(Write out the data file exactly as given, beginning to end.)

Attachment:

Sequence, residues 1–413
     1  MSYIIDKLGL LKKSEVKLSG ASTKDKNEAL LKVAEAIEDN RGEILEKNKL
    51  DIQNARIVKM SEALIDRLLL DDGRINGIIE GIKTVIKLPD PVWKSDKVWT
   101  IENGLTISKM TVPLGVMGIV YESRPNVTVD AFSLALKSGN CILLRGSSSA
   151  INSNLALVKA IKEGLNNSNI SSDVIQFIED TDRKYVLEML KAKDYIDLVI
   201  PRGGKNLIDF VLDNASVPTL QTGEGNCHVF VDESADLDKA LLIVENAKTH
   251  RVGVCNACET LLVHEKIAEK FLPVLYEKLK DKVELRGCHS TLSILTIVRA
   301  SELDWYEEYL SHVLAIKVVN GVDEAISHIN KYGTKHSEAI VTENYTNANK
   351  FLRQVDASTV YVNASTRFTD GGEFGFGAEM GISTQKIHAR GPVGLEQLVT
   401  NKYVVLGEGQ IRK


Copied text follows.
Sequence, residues 1–413
     1  MSYIIDKLGL LKKSEVKLSG ASTKDKNEAL LKVAEAIEDN RGEILEKNKL
    51  DIQNARIVKM SEALIDRLLL DDGRINGIIE GIKTVIKLPD PVWKSDKVWT
   101  IENGLTISKM TVPLGVMGIV YESRPNVTVD AFSLALKSGN CILLRGSSSA
   151  INSNLALVKA IKEGLNNSNI SSDVIQFIED TDRKYVLEML KAKDYIDLVI
   201  PRGGKNLIDF VLDNASVPTL QTGEGNCHVF VDESADLDKA LLIVENAKTH
   251  RVGVCNACET LLVHEKIAEK FLPVLYEKLK DKVELRGCHS TLSILTIVRA
   301  SELDWYEEYL SHVLAIKVVN GVDEAISHIN KYGTKHSEAI VTENYTNANK
   351  FLRQVDASTV YVNASTRFTD GGEFGFGAEM GISTQKIHAR GPVGLEQLVT
   401  NKYVVLGEGQ IRK